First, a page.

(Doug Fir, 830 E Burnside) Welsh singer/songwriter Cate Le Bon sounds like a sensitive aristocrat on the mic, her voice a distinctive combination of Nico's stolid delivery and umlaut-y vowels and Joni Mitchell's mellifluousness. Le Bon's 2012 album, Cyrk, is a banquet of high-IQ rock full of elegant, baroque melodies built to last and sporadic, shockingly great rave-ups. Her new full-length, Mug Museum, sounds slicker than past releases, but Le Bon's songs retain certain structural peculiarities and melodic quirks—revealing affinities with Pavement and Gorky's Zygotic Mynci—that keep blandness well at bay. Pay close attention to her. DAVE SEGAL

(Holocene, 1001 SE Morrison) The twinkling, astral pop of Pure Bathing Culture got me through one winter, and as the warm weather again recedes far into the rearview, it seems certain the Portland band is capable of getting me through another. Centered around keyboardist/vocalist Sarah Versprille and guitarist Dan Hindman, and augmented by bassist Zach Tillman and drummer Brian Wright, PBC only released their first full-length in August—the glimmering, dimension-spanning Moon Tides—but these songs already seem like old favorites, as they've been highlights at the countless number of hometown live shows the group has played since their Portland debut in January 2012. No matter what the temperature is outside tonight, Pure Bathing Culture's humid, human, cleansing pop is guaranteed to fog up Holocene's windows. NED LANNAMANN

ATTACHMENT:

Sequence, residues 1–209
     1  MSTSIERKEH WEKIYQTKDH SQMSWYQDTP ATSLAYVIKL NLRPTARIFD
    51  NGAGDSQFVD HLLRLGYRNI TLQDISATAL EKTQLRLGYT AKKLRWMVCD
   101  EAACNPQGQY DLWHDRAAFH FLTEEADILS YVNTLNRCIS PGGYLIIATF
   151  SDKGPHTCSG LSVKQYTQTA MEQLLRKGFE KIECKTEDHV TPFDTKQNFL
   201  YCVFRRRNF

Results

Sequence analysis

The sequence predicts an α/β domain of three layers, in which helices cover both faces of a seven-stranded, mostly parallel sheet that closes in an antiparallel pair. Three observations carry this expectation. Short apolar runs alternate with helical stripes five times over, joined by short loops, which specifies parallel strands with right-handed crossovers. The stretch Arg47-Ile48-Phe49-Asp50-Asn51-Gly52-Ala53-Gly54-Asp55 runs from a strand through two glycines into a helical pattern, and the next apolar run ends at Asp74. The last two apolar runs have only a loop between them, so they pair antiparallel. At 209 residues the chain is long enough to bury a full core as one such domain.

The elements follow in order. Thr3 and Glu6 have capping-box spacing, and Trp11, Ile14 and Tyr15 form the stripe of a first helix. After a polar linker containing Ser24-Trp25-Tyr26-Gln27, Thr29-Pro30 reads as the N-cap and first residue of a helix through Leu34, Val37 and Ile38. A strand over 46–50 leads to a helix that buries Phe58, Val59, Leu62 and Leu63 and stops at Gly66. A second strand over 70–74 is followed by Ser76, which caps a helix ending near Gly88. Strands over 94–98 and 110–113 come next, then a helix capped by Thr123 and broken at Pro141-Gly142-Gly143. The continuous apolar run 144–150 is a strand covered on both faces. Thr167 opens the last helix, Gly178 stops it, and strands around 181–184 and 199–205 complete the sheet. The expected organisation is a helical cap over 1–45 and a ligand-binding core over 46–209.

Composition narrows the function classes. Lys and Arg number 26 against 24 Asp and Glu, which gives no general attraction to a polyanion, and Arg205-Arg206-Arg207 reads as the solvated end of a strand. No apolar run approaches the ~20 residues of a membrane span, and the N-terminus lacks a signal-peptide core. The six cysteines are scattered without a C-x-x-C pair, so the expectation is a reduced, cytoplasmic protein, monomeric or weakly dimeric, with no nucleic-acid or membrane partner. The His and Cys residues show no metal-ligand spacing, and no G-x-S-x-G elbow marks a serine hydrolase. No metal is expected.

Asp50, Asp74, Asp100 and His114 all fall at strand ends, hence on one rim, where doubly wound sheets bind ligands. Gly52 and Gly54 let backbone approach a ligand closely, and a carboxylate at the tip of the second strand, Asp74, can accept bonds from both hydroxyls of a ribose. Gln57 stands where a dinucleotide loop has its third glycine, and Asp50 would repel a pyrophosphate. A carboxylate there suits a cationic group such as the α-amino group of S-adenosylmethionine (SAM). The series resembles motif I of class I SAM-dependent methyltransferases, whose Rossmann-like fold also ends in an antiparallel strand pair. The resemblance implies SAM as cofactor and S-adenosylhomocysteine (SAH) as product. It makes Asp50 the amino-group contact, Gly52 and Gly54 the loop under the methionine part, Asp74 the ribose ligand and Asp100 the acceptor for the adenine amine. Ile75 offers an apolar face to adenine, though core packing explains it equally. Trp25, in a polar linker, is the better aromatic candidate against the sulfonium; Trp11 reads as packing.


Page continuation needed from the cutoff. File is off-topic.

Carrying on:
(Mississippi Studios, 3939 N Mississippi) I never understood the blank comparisons between the Toadies and the rest of the grunge pack. There was always something a little darker and creepier about their lyrics. They had a certain twang that came from being a product of Texas. And frontman Vaden Todd Lewis sounded like his vocal cords were being run through a meat grinder. To some, the Toadies will always be the "Possum Kingdom" band ("Do you wanna diiiiieeee..."); their cult followers know that subsequent releases like Feeler and Hell Below/Stars Above are as good, if not better than their 1994 debut Rubberneck. And the Toadies are still putting out music. But for the time being Lewis is playing some solo gigs, digging up Toadies material as well as songs from Burden Brothers, his project with members of Reverend Horton Heat. MARK LORE

(Analog Café, 720 SE Hawthorne) Whether or not they'd admit it, my parents know the song "Baby Got Back." Shit, yours do, too. Along with just about every other person you've ever met: Sir Mix-a-Lot's magnum opus is one of the most ubiquitous, lasting hits of the last 20 years. Which leads one to believe that the royalties have kept rolling in—I mean, at least enough to eat and keep the house. So, assuming Mix-a-Lot still has some dough, it would seem that he's playing a place like the Analog Café for 15 bucks because he WANTS to, right? Surely the Prince of Posteriors will be bumping "Baby Got Back." But what the hell else is on the menu? Myriad lesser hits? Deep cuts from Return of the Bumpasaurus? Or maybe even something new? Certainly, questions abound. But in a relatively intimate venue, for a reasonable price, those answers seem worth seeking. ANDREW R TONRY

(The Goodfoot, 2845 SE Stark) Since 1984, Cuneiform Records has been one of the preeminent imprints for forward-thinking jazz, prog, and folk acts. Tonight, the label gets a small celebration here in Portland with three of its current acts featured on one bill—the first time that's happened on the West Coast. You likely already know local heroes Blue Cranes, whose 2013 release Swim is a masterwork of tight grooves and the ropy sax work of Reed Wallsmith and Joe Cunningham. So, it's a good chance to acquaint yourself with the Paris/New York electronic/jazz hybrid trio the Kandinsky Effect, and Dylan Ryan Sand, the trio led by drummer Dylan Ryan that swings like vintage bop but puts a higher premium on Tim Young's fiery guitar work and the blast of freeform musical chaos. ROBERT HAM